wherein the fax device is operable to answer the call and process an incoming fax transmission if the incoming caller identification information from the network does not match blocked caller information stored in the memory.
18. The computer system of claim 14,
wherein the list of frequent caller identification information includes information about each incoming call, including telephone number, date of call, time of call and number of pages of fax transmission received, and
wherein the usage value is determined at least on the number of incoming calls during a predetermined period associated with that incoming caller identification information.
19. The computer system of claim 14,
wherein the stored caller identification information also includes a list of urgent caller identification information and at least one action to be taken in response to an incoming call including caller identification information corresponding to stored urgent caller identification information, and
wherein the fax device is operable to initiate said at least one action in response to an incoming call including caller identification information corresponding to stored urgent caller identification information.
20. The computer system of claim 19,
wherein said at least one action includes forwarding the call, calling a pager, calling a mailbox, calling a mobile phone and sending an email.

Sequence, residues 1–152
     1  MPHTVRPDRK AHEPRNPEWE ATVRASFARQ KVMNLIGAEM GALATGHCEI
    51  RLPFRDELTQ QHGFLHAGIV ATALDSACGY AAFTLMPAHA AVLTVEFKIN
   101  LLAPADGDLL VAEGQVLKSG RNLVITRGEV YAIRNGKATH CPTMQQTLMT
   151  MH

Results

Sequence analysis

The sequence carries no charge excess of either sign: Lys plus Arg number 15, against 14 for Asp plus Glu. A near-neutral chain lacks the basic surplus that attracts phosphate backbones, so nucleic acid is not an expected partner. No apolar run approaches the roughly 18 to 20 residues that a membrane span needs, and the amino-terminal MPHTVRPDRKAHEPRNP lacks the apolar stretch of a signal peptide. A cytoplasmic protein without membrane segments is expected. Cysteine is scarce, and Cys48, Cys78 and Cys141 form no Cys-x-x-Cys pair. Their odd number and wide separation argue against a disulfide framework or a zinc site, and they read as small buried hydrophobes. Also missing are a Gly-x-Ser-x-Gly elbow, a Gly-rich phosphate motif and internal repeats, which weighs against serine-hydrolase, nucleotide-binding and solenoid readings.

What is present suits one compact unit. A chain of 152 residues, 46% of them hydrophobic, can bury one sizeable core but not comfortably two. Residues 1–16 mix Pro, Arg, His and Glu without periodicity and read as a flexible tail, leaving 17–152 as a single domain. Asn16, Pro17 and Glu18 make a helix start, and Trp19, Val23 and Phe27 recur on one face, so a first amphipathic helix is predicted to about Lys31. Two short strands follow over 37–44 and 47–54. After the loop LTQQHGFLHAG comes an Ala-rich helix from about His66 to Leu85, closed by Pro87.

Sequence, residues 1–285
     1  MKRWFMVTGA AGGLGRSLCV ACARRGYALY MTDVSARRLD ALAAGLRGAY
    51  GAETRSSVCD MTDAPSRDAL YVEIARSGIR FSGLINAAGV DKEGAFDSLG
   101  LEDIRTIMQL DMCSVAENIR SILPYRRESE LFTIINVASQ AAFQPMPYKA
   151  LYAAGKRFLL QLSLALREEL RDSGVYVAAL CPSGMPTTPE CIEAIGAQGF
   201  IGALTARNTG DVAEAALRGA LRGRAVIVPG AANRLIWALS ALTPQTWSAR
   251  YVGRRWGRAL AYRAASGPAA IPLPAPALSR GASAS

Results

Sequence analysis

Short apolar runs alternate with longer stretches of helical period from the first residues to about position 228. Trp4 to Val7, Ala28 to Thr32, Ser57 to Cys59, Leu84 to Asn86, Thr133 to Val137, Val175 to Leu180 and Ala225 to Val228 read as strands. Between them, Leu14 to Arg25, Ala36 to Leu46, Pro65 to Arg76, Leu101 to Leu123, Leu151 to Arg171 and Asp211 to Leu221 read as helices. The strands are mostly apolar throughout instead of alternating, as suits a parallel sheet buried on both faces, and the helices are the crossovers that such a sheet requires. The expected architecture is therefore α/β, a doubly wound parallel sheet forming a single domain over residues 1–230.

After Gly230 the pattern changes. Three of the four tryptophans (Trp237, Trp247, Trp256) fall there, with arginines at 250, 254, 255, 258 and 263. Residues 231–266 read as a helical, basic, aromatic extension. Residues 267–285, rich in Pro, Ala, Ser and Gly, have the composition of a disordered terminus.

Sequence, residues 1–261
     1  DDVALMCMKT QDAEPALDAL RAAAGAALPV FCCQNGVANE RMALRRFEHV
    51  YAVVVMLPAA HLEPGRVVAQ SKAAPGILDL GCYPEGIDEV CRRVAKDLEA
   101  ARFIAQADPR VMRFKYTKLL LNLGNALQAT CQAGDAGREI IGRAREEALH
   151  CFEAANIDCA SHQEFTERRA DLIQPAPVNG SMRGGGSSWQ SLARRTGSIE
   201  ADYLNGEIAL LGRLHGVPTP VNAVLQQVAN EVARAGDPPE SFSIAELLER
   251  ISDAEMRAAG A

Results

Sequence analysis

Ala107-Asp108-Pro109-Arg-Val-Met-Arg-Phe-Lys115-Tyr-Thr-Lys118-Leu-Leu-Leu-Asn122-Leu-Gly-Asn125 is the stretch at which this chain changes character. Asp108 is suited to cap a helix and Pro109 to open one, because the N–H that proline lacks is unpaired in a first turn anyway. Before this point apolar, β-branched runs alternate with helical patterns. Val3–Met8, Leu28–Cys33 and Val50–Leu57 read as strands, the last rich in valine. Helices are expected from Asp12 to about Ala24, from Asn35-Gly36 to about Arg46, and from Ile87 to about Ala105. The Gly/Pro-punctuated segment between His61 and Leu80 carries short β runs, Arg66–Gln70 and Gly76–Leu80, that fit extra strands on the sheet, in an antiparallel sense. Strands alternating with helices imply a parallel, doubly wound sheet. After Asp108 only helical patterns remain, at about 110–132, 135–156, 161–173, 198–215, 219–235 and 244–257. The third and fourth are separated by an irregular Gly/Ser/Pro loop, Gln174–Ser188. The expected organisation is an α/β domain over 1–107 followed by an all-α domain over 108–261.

21. A computer system according to claim 14, wherein the fax device includes a soft fax/modem.
22. A fax device, comprising:
a memory for storing caller identification information including a list of blocked caller identification information, and further lists including a list of trusted caller identification information, a list of frequent caller identification information, and a list of urgent caller identification information; and
a controller coupled to the memory, the controller operable to respond to caller identification information associated with an incoming fax transmission received from a network and based on a comparison with caller identification information stored in said memory, to process said incoming fax transmission if the incoming caller information from the network does not match stored blocked caller information, said processing including determining to accept or to reject the incoming fax transmission, said controller further operable to initiate automatically a transmission to a predetermined destination in response to an accepted incoming fax transmission including caller identification information corresponding to stored urgent caller information; and
wherein the controller is operable to add incoming caller identification information to the list of blocked caller identification information if not present in the list of trusted caller identification information and a usage value associated with that incoming caller identification information is exceeded.
23. The computer system of claim 22,
wherein the controller is operable to terminate the incoming call if the incoming caller identification information from the network matches blocked caller information stored in the memory.